I arrived in Sydney in December 1947 and quickly realised that Australian house construction, although very similar to English techniques, nevertheless had a few very rational differences in relation to the different climates.
How to reconcile these with the fresh international modern thinking that my training in Manchester had aroused ? It turned out to be quite easy really – think simply with a sound underpinning of building science which applied almost anywhere but of necessity should be firmly based on the local climate.
Global warming and sustainability concepts were not in the vocabulary or even public knowledge in those days and the Australian domestic vernacular was not worthy of adoption so logic and a simple aesthetic was unquestionably the path to be followed.
Understanding Australian conditions was a first priority, coupled with my relative poverty which clearly led me into building a house for myself – learning by doing – and OB 1 in the DeeWhy quarry was the result – its design being rejected by Warringah Shire Council “as not looking like a house”. However, with moral support from Walter Bunning and Syd Ancher I received approval and finished it in 1951.
Dad had a heart attack around its completion time so I sold it quickly and flew by Qantas Constellation (4 days !) to his bedside (with beneficial result) and finished off the trip by a Stratocruiser to New York, visited Richard Johnson in New York, Walter Gropius in Harvard and Mies van der Rohe in Chicago, then to Berkeley, Honolulu, Taipei, Tokyo, Hong Kong and Darwin to supplement my architectural education.
Then on to OB 2 on top of the DeeWhy quarry which was much more ambitious in structure and appearance, finished in 1956 and sold to 2UE shock jock, John Laws. Just previously (1955) I had designed Peter and Judy Hunt’s house in DeeWhy (see entry).
My interest in industrial design and subsequent meeting with Fred Ward in Canberra resulted in my move to Canberra where a new and exciting era opened up to me not only at ANU but involving Fred’s and my voluntary efforts in our spare time for the next 25 years in initiating the Industrial Design Council of Australia, supported in ANU time by the Registrar Ross Hohnen and the Chancellor ‘Nugget’ Coombs.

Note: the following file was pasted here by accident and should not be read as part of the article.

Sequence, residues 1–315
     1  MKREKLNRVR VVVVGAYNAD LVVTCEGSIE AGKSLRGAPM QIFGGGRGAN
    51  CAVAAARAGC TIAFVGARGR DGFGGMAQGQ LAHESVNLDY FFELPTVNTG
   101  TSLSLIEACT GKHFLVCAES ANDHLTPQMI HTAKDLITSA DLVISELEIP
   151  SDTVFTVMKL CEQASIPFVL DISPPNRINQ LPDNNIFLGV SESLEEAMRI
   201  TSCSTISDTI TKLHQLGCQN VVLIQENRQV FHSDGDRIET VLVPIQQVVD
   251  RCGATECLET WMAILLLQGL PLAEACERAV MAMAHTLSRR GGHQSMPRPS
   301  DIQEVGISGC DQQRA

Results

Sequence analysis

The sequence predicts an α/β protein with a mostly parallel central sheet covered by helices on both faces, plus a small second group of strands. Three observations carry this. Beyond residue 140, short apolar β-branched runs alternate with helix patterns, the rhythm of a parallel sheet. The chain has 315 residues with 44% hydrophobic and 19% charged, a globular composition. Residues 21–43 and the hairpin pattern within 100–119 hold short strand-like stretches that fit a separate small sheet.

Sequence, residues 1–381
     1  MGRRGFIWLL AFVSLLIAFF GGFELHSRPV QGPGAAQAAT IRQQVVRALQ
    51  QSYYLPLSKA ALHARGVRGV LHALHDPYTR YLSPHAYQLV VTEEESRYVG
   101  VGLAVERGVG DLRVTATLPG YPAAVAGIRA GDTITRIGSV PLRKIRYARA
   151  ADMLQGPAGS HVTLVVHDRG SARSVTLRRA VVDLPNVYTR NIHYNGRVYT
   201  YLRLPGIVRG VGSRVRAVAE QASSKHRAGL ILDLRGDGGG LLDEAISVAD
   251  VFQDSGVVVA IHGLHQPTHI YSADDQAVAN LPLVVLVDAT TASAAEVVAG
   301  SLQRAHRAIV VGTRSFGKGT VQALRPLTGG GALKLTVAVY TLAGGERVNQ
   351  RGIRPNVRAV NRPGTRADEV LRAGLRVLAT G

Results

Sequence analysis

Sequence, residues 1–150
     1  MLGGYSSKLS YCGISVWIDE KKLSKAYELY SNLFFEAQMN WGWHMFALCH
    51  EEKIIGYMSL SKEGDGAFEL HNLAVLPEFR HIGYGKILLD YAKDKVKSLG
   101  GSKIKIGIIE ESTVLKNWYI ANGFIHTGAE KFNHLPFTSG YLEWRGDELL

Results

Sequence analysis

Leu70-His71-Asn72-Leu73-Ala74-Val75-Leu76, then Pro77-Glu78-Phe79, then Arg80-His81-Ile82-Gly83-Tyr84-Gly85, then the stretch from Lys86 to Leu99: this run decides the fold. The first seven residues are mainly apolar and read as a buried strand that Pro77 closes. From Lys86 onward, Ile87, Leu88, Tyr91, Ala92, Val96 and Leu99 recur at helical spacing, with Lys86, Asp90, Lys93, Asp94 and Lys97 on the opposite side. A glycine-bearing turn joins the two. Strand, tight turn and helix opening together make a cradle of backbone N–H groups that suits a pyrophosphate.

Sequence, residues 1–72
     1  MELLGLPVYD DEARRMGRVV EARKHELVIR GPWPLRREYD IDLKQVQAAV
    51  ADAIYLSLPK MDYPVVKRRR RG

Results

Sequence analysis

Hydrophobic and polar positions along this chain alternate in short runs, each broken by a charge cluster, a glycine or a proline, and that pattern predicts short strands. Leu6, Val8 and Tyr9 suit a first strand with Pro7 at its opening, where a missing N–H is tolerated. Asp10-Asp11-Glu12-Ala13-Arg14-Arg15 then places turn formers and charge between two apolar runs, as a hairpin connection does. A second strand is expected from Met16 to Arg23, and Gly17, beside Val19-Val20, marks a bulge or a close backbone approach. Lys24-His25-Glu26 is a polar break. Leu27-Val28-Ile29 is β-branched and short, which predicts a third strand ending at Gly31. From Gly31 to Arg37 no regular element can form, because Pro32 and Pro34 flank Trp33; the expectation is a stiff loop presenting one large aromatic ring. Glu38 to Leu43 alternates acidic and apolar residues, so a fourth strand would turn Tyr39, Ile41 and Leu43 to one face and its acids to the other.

The initial architectural direction of my life was also being displaced by the valuable opportunity to show how my latent Total Design interest could operate in the right environment. Other design related areas – furniture, graphics, landscape, plus other new avenues for design expression, such as integrated lecture theatre design, opened up at ANU, expanding my horizons of the relevance of design in everything. The social need for design engagement was becoming obvious to me but the inbred misunderstandings and resistance about design began to frustrate our efforts – even as I write in 2015.
Despite this Pandora’s Box era of my life I nevertheless continued with my root architectural drive in building OB3 – a house for Hilary and myself and (finally) 3 boys at 14 Jansz Crescent, Griffith ACT, Val and Nicky Paral’s house in 22 Brockman St. Narrabundah, Professor Derek Freeman’s house in 5 Daly Crescent, Forrest, Professor Ted Hannan’s house in 8 Penrhyn St. Red Hill and Professor John Miles’ house in Mugga way, Red Hill (now demolished) and the O’Brien/Smith house at Tathra around 1966.
Sometime around 1970 I proposed to the ANU Registrar (P&P) that we build one prototype house to show that solar concepts were a valid step toward low-energy housing. ANU had a housing policy at that time and could easily have embraced this solar concept but it was not supported – complete lack of vision.
My salient architectural achievement, however, occurred around 1973 with the proposal for a 14UD Accelerator tower for the Director of Nuclear Physics at ANU, Professor Sir Ernest Titterton (see entry). Although basically a simple structure the aesthetic impact on the ANU and on Canberra required some intensive aesthetic analysis to extract the inherent beauty from its practical exterior of a parallel shaft with a box on top. Its splined non-rectangular shaft with subtle rounded corners capped by its aluminium cladded ion generating room fills me with some degree of pride at having transformed a physicist’s ugly duckling concept into an elegant swan.